Don’t Find a Job, Find a Mission: Celeste Headlee (Full Transcript)

Full transcript of journalist and author Celeste Headlee’s TEDx Talk: Don’t Find a Job, Find a Mission @ TEDxAugusta conference. This event occurred on January 30, 2015. To learn more about the speaker, read the bio here.

 

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Celeste Headlee – Journalist and Author

Grab whatever paper you have next to you, whether it’s the program or not and — think serious, I really want you to do this. Grab a writing utensil and I want you to answer a question for me and write the answer down.

Do you like your job? It’s number one.

And number two: do you think you’ll still like doing that job in 20 or 30 years?

So write that down for me. And then set it — if you’re laughing already — set it aside we’re going to come back to that later.

So the most common question that I get asked whenever I’m speaking in public is how did you get where you are and generally I say by accident; I stumbled into it.

But I will admit something to you today. I have been lying about that for a very long time. I didn’t actually stumble into it. It was a very carefully executed plan that I wasn’t aware of until a long time later.

So if you don’t know who I am, I am a host on public radio. I hosted a show called The Takeaway for a number of years. I’ve hosted Tell Me More for NPR, Talk of the Nation, Weekend Edition, many others. I anchored presidential coverage for PBS World.

I’ve spoken to movie stars and presidents and Pulitzer Prize winners and Nobel Peace Prize winners. But I have never studied journalism in school. I’m a professional opera singer and radio is my day job.

I have a master’s degree in music. So you might be thinking that I am not using my music degree and my job as a broadcast journalist. But you would be really really wrong.

Yes, radio show host and professional opera singer are two very different jobs. But in fact, the core mission of both of them is exactly the same. In both of those jobs, I’m reaching out to people, I’m communicating with people, I’m inspiring people, I’m moving people using only the power of my voice.

So now if I’m asked, how I got where I am, I say I found my mission. And I forgot about the job title. Let me say that again, because that’s the whole point of this entire talk.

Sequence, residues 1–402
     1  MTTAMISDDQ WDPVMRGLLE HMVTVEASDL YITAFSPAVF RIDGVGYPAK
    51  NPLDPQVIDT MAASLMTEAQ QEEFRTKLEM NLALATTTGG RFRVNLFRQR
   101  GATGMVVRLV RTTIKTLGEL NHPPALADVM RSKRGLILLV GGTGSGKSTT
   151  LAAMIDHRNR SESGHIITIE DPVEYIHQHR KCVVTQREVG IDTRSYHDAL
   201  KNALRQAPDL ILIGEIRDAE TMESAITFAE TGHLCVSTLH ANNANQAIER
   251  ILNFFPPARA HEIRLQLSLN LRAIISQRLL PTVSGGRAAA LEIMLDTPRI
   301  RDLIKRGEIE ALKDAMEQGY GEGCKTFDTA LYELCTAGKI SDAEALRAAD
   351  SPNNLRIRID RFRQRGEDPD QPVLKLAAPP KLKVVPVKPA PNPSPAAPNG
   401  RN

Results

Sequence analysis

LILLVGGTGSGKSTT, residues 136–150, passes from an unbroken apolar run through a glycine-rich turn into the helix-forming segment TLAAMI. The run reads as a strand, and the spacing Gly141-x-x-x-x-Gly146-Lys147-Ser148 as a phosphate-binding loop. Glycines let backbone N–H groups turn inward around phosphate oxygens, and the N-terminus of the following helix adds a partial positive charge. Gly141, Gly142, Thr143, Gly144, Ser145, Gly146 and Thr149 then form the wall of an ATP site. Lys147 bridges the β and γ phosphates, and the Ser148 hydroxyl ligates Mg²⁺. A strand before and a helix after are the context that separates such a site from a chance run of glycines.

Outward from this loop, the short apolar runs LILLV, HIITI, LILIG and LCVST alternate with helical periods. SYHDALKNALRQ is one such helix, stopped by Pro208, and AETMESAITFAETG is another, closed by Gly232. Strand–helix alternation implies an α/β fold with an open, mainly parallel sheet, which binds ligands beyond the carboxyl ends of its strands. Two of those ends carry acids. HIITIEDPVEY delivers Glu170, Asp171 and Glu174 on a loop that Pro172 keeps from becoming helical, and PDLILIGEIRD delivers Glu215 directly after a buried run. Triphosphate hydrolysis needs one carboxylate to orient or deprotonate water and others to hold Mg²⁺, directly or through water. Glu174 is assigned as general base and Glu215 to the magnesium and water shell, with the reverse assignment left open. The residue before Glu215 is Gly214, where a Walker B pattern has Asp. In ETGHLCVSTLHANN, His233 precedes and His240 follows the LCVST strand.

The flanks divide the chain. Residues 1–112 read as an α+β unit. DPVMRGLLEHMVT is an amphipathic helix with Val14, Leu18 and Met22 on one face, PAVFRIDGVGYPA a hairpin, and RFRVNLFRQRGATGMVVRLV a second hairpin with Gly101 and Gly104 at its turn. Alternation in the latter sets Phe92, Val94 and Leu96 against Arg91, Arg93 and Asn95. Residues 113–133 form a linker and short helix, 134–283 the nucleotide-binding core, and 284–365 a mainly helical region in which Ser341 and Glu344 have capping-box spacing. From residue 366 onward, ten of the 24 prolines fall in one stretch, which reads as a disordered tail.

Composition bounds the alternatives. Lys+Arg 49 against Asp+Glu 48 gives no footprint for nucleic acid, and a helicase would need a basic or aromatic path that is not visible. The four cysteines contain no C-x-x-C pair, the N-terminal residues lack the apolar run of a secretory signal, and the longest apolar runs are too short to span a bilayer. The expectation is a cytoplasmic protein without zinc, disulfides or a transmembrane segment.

I found my mission and I completely ignored what the job title was. The fact of the matter is most people in the world do not like their work. So I want you all to take a look around you and count out ten people, okay, surrounding you somewhere.

Using global statistics nine of those people do not like what they do. But this is the U.S., so let’s use American statistics. Count out your ten people again, take a look at them, one of them really likes what they do. To that person congratulations. Six of them think it’s not killing me, and three of them really hate their work, really hate it.

Job dissatisfaction costs this country up to $550 billion a year in lost productivity. That is billion with a B. Worldwide, nearly 90% of people don’t like their work, and that statistic really doesn’t tell us very much. Maybe human beings don’t like to work. Maybe we have universally horrible bosses.

But let me tell you what I think that statistic means. I think it means we are terrible at choosing the right job.

What things do we consider when we’re looking for work? And I’m not talking about the “I’m unemployed; I’ll take anything situation”, I’m talking about the “I don’t like what I do, I want to try something new”, what do we think?

We think about salary, obviously. No-brainer. We think about location. Americans have shown themselves to be very reluctant to move and in fact, we don’t even like to move very far to get to our work. The average commute time is about 20 to 25 minutes and that has stayed the same for more than a decade.

What else? Benefits: vacation time, healthcare, retirement, sick days, and believe me that is all really really important.

But researchers at Harvard Business Review wondered if those things also made you happy, so they studied it and the answer was: No.

Of all the many many things that go into happiness on the job, the highest single impact is purpose. People who think there’s significance and meaning to the work that they do are more than three times as likely to stay in their job and they also have higher jobs job satisfaction and they’re also more engaged.

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